· Avalanche kills 11 climbers at Nepal peak
· Deadly floods strike northern Cameroon
· NOAA: 2012 hottest year on record
· Images: The Great New England Hurricane of 1938
· Death Valley officially hottest place on Earth
· Typhoon Sanba takes aim at South Korea
· Can America be in for another 'Dust Bowl'?
· Massive drought's impact felt everywhere
· Volcanic activity diminishes in Guatemala
· Super typhoon headed for Okinawa
· Strong earthquake rat
I was looking up the weekend weather report just now trying to determine if rain is forecast. Below the weekend weather recap was the above listed information. Now, it would seem to me, that even the weather report page has become a source of the disaster mentality that journalistic media is so fond of doing every day on the evening, morning and afternoon news.
But here's the question: are things truly as ominous as they seem, is the world truly on the brink of both natural and man-made disasters, or is there a simpler theory at play here: bad news sells, or in this case, gets your attention?
I do not deny the fragile conditions of our world from its rocky economic and atmospheric climate. Steps are being taken, slow moving steps, to help raise awareness to the plight of our natural resources. To quote a much used phrase "it does not take a rocket scientist" to figure out our world is indeed facing some of the most challenging issues to date.
But here is my concern: if we focus on just what is wrong or disaster driven in our world, does that necessarily help us to recognize what is inherently good out there? Would anyone truly tune into a news program that only spoke of the good deeds, or took a more positive spin in general.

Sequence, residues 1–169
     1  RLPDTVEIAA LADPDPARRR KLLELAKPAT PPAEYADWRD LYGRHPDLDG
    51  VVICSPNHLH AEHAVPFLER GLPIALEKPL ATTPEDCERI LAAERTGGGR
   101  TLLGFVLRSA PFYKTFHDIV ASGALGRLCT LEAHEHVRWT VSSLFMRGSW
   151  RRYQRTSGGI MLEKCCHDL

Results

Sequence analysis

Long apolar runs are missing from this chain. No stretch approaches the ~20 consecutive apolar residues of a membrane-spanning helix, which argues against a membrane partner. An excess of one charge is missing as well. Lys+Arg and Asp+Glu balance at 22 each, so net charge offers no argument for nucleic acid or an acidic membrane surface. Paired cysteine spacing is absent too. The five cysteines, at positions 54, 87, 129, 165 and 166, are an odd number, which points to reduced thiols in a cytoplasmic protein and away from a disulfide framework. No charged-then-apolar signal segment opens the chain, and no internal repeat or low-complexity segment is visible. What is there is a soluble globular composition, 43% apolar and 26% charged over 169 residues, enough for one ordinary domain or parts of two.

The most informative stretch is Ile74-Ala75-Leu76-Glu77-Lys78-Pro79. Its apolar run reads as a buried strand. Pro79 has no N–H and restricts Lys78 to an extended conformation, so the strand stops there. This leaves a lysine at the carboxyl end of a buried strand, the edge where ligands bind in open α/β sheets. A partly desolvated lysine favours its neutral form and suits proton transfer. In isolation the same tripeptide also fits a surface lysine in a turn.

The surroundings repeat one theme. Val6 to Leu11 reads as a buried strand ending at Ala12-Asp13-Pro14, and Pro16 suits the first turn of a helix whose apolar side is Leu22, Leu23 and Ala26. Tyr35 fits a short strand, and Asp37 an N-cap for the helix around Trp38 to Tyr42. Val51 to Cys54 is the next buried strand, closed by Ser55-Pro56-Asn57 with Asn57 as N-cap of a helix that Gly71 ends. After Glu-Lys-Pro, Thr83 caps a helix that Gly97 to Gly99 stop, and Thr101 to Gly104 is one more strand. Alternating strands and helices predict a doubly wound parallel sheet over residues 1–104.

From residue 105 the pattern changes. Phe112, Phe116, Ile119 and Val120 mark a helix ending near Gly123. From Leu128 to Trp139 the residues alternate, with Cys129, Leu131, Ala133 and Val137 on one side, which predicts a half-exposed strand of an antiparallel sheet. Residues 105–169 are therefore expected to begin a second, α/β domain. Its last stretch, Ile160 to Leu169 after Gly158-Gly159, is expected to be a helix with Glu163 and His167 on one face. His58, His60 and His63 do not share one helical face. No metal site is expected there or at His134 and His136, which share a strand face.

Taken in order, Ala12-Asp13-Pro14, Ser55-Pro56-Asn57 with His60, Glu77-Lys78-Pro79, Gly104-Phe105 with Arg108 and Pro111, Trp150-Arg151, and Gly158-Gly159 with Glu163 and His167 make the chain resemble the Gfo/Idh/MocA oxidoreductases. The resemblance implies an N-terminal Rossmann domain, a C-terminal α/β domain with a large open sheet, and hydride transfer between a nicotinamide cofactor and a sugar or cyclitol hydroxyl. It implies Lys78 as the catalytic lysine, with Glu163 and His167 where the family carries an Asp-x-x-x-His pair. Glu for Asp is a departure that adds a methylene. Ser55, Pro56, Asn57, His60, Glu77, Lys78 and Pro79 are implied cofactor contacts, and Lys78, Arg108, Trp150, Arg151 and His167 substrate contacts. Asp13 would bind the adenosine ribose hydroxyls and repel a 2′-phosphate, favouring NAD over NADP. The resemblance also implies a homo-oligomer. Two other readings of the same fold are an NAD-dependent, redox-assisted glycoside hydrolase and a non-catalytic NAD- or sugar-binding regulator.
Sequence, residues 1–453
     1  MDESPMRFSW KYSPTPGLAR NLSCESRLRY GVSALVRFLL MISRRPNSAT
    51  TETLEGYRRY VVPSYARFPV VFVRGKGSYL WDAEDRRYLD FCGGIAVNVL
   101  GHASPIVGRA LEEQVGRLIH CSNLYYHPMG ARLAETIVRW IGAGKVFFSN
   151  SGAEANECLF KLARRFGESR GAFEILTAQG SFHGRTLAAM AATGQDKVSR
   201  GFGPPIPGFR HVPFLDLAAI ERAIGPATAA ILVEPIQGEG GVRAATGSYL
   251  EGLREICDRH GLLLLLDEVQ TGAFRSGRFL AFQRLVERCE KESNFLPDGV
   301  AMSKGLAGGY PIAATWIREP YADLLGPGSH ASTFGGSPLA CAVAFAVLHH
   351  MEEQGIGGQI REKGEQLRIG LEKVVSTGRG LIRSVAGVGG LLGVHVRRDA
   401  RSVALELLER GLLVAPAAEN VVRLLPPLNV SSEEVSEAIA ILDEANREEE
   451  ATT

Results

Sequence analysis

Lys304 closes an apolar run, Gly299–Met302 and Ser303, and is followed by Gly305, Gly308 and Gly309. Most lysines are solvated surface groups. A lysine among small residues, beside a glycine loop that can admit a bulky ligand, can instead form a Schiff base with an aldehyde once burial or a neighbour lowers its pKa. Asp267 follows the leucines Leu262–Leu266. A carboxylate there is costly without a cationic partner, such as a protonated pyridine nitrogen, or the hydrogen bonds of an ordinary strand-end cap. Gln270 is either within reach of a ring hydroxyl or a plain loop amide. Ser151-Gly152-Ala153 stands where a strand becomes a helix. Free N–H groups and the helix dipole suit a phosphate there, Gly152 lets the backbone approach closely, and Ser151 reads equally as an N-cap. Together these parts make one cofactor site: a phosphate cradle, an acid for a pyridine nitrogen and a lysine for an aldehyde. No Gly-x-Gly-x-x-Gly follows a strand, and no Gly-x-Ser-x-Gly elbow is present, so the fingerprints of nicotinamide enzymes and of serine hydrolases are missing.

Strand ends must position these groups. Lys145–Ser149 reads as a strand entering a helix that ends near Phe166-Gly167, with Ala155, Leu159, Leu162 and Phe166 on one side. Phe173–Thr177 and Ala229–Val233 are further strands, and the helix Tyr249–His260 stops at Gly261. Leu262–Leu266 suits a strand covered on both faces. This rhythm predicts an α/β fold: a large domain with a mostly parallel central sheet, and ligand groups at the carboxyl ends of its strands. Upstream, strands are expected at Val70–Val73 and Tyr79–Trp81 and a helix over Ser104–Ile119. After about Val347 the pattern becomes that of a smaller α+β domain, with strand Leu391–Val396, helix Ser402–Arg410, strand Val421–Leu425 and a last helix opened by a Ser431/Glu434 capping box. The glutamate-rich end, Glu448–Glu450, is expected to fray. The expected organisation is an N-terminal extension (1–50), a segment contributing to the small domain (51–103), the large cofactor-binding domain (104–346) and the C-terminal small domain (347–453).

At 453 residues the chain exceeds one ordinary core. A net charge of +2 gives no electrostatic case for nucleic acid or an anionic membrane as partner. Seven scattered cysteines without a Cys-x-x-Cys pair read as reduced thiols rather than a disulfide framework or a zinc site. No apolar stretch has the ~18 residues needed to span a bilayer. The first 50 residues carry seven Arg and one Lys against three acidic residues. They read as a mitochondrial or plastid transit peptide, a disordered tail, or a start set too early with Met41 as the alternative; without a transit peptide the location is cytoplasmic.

I am not talking about a Pollyanna view of the worlds problems, Far from it, in fact. What I am suggesting is that so much of our culture is drawn to the worst case scenario, disaster and doom. Look at some of the movies people are drawn to and what makes "big" Hollywood dollars: huge, blockbuster disaster movies that reek of doom, gloom and the end of the world as we know it. Again, not anything new here, just the same old tired fantasy format being played out in our media. The only difference here is what we are watching or reading is being billed as "real" life, which of course it is, but there is so much more to our world to discover.
Let me just repeat again: I am not suggesting we all put on rose colored glasses and adopt a Pollyanna view of life. What I am suggesting however, is that we all take a moment or two each day, before we devour the days news or weather reports to recognize that as bad as things may seem, we don't have to buy into the hype. This does not give you permission to not care, or be affected by the news. No indeed! But to ruminate, or let ourselves feel helpless by the shear weight of all this murkiness in life serves no purpose.
As my son was waiting for the bus on this rainy day I mentioned to him the old expression "into everyone's life a little rain must fall." We talked about the fact that this saying was not just meant to be taken literally, but to be used as a metaphor in life. Native American culture embodied this concept so beautifully in their daily life by recognizing this fact by being in close touch with nature. They used the metaphor of the sun rising and setting each day as a message for their own lives. They intuitively understood the sun rises and sets in life through death, loss, war and ill health, marriage, family, love, etc. This is all a fact of being human.
So in essence what I am saying here is don't go searching for the "bad" or "negative" in life as a way to prove how truly awful the world has become, instead, bring a healthy curiosity to what is and find a way perhaps, in some small way to make your life matter.